Results tagged “astronomy”

Most galaxies are clumped together in groups or clusters. A neighboring galaxy is never far away.

ALMA's Long Baseline Campaign produced spectacular images of the distant, gravitationally lensed galaxy called HATLAS J090311.6+003906, otherwise known as SDP.81.

This NASA/ESA Hubble Space Telescope image presents the Arches Cluster, the densest known star cluster in the Milky Way.

When you're blasting though space at more than 98 percent of the speed of light, you may need driver's insurance.

A Bubbly Cosmic Celebration

In the brightest region of this glowing nebula called RCW 34, gas is heated dramatically by young stars and expands through the surrounding cooler gas.

Galaxy's Snacking Habits Revealed

A team of Australian and Spanish astronomers have caught a greedy galaxy gobbling on its neighbors and leaving crumbs of evidence about its dietary past.

This beautiful planetary nebula is named after a dreadful creature from Greek mythology -- the Gorgon Medusa.

As part of an observing program carried out with the Subaru Telescope and the Hubble Space Telescope, a group of researchers from the Service d'Astrophysique- Laboratoire AIM of CEA-IRFU led by Anita Zanella discovered the birth cry of a massive star-forming clump in the disk of a very distant galaxy

An international team of researchers led by Pieter van Dokkum at Yale University have used the W. M. Keck Observatory to confirm the existence of the most diffuse class of galaxies known in the universe.

As murder mysteries go, it's a big one: how do galaxies die and what kills them? A new study, published today in the journal Nature, has found that the primary cause of galactic death is strangulation, which occurs after galaxies are cut off from the raw materials needed to make new stars.

New observations of a recently exploded star are confirming supercomputer model predictions made at Caltech that the deaths of stellar giants are lopsided affairs in which debris and the stars' cores hurtle off in opposite directions.

Scientists using NASA's Hubble Space Telescope have discovered that the immense halo of gas enveloping the Andromeda galaxy, our nearest massive galactic neighbor, is about six times larger and 1,000 times more massive than previously measured.

The constellation of Cygnus is one of the most recognisable in the northern hemisphere. During the summer months, the stars of its long neck stretch along the Milky Way and its wings sweep from side to side.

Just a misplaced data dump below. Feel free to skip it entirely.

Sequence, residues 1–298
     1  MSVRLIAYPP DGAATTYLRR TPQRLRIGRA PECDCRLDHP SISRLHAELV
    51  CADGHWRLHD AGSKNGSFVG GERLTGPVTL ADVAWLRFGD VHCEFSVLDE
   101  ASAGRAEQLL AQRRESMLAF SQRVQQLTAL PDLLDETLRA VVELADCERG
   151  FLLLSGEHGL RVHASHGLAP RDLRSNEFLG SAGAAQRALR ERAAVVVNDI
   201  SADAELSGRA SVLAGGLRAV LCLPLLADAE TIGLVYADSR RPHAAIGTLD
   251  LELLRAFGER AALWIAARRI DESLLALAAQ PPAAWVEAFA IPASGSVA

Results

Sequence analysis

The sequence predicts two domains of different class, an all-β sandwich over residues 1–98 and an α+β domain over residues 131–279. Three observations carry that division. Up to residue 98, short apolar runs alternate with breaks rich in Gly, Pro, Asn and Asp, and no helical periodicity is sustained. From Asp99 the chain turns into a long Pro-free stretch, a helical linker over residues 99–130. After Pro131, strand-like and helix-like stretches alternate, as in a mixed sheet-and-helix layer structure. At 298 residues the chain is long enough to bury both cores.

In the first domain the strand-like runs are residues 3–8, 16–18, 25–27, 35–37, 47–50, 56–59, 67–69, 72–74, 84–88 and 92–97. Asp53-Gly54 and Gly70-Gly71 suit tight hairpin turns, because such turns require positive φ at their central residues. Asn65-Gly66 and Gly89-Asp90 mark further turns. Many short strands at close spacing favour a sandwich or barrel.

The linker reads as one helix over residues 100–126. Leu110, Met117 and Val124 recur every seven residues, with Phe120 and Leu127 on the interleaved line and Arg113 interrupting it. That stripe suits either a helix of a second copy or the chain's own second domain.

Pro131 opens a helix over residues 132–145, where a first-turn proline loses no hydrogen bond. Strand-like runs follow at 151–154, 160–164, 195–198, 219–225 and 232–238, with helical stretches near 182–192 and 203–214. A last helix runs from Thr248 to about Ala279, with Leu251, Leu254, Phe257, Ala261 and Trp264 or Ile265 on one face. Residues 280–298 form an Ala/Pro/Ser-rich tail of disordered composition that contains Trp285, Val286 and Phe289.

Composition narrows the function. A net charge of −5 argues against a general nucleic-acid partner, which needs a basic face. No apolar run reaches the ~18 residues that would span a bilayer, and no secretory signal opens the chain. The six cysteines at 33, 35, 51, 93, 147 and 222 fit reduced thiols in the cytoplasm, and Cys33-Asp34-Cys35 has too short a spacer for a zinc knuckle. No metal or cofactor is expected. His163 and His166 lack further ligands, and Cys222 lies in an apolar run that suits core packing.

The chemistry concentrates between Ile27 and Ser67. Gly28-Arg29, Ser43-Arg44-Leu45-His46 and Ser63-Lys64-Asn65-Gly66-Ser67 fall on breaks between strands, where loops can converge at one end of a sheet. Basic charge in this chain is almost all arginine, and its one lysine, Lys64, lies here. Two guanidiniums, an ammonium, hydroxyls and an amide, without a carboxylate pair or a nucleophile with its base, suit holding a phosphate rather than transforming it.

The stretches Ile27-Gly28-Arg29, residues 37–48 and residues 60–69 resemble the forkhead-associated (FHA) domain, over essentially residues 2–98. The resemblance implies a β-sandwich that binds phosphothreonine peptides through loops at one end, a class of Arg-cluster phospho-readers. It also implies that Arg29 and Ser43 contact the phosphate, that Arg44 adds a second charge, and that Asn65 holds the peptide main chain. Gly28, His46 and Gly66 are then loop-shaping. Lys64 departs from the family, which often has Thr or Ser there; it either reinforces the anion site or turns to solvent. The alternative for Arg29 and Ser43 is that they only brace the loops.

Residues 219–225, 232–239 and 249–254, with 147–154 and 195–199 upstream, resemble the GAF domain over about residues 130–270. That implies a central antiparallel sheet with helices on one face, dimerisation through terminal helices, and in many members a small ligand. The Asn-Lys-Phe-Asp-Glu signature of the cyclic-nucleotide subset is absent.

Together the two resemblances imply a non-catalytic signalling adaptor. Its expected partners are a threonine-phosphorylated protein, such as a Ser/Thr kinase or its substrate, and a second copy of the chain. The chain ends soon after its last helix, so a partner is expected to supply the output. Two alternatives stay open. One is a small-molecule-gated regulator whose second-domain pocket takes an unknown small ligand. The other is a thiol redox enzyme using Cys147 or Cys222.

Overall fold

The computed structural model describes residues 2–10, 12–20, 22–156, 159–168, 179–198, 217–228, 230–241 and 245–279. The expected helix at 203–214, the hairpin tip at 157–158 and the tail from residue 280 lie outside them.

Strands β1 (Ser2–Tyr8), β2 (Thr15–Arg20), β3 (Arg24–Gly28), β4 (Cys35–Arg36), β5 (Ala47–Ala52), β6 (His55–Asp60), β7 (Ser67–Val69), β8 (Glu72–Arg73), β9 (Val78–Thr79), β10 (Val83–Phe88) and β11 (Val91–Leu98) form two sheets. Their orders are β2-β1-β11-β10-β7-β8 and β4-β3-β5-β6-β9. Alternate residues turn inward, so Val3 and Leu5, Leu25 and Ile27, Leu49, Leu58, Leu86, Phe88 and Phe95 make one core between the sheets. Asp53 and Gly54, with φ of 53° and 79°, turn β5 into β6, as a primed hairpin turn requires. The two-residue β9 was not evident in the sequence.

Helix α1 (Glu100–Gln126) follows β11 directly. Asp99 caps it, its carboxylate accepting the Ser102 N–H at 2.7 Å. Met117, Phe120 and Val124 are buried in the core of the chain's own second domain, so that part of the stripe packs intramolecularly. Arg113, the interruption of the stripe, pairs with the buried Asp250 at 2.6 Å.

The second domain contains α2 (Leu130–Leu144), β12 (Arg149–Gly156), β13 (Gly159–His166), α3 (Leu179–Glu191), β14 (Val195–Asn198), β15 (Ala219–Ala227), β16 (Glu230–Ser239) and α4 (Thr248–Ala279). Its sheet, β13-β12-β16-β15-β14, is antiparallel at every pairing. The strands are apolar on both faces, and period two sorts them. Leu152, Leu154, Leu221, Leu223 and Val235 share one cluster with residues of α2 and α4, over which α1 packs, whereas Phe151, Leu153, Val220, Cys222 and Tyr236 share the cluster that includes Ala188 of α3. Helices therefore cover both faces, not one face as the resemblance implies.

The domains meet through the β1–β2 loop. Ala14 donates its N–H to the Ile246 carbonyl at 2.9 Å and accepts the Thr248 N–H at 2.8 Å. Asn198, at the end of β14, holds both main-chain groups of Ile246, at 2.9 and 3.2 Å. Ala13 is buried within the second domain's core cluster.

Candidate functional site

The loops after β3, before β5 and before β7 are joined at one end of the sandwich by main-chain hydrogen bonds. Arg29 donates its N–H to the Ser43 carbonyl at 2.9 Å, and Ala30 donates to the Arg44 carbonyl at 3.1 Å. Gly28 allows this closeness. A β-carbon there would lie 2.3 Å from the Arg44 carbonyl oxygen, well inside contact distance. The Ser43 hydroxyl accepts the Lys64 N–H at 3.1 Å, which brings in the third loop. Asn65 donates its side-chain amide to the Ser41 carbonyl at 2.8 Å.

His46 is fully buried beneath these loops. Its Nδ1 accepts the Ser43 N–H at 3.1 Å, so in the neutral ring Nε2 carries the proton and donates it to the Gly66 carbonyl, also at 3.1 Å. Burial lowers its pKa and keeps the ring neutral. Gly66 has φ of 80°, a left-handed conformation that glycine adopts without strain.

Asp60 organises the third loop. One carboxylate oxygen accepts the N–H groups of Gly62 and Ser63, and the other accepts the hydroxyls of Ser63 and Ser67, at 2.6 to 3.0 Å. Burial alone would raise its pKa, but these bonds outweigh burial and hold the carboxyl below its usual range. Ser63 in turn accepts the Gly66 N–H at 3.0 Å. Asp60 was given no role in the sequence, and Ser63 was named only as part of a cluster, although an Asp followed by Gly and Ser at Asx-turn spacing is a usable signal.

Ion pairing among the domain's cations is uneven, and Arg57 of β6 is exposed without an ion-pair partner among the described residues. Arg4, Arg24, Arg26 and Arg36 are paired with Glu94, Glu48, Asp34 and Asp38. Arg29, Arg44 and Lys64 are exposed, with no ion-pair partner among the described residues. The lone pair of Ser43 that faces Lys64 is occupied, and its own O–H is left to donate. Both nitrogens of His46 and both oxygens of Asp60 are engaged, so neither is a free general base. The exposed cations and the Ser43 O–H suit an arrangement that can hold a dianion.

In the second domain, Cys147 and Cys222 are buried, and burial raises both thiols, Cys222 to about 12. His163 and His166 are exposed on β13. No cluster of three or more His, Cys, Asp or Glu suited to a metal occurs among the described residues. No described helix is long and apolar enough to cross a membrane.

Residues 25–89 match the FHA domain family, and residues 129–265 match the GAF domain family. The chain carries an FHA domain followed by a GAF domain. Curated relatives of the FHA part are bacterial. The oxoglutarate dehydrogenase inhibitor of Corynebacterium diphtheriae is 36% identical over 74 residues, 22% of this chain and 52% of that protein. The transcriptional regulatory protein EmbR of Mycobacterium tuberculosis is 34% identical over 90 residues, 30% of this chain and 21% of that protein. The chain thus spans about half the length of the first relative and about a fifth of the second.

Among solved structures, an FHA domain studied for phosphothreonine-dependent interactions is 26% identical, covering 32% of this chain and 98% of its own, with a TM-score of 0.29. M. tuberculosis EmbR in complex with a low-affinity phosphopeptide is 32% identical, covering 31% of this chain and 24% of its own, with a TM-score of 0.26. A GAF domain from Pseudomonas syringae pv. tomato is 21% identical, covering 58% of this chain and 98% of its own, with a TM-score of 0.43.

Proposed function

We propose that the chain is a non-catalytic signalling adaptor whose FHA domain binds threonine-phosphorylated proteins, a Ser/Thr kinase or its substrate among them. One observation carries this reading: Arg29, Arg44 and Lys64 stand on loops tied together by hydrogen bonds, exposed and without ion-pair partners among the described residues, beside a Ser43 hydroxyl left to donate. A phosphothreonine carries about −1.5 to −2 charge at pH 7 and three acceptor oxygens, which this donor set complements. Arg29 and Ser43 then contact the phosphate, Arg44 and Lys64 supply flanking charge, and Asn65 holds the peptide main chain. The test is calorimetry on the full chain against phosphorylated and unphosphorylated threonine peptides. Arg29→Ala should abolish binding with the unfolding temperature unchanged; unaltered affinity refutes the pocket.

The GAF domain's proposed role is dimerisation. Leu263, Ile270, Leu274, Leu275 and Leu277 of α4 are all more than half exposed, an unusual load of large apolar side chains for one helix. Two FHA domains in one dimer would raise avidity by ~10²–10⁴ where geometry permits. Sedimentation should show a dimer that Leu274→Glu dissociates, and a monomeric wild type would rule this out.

A team of highly determined high school students discovered a never-before-seen pulsar by painstakingly analyzing data from the National Science Foundation's (NSF) Robert C. Byrd Green Bank Telescope (GBT).

Astronomers Find Runaway Galaxies

We know of about two dozen runaway stars, and have even found one runaway star cluster escaping its galaxy forever. Now, astronomers have spotted 11 runaway galaxies that have been flung out of their homes to wander the void of intergalactic space.

Light can come in many frequencies, only a small fraction of which can be seen by humans. Between the invisible low-frequency radio waves used by cell phones and the high frequencies associated with infrared light lies a fairly wide swath of the electromagnetic spectrum occupied by what are called terahertz, or sometimes submillimeter, waves.

Astronomers building an Earth-size virtual telescope capable of photographing the event horizon of the black hole at the center of our Milky Way have extended their instrument to the bottom of the Earth -- the South Pole -- thanks to recent efforts by a team led by Dan Marrone of the University of Arizona.

Accelerating Universe? Not So Fast

Certain types of supernovae, or exploding stars, are more diverse than previously thought, a University of Arizona-led team of astronomers has discovered

This image shows the center of the globular cluster Messier 22, also known as M22, as observed by the NASA/ESA Hubble Space Telescope.

In one of the most comprehensive multi-observatory galaxy surveys yet, astronomers find that galaxies like our Milky Way underwent a stellar "baby boom," churning out stars at a prodigious rate, about 30 times faster than today.

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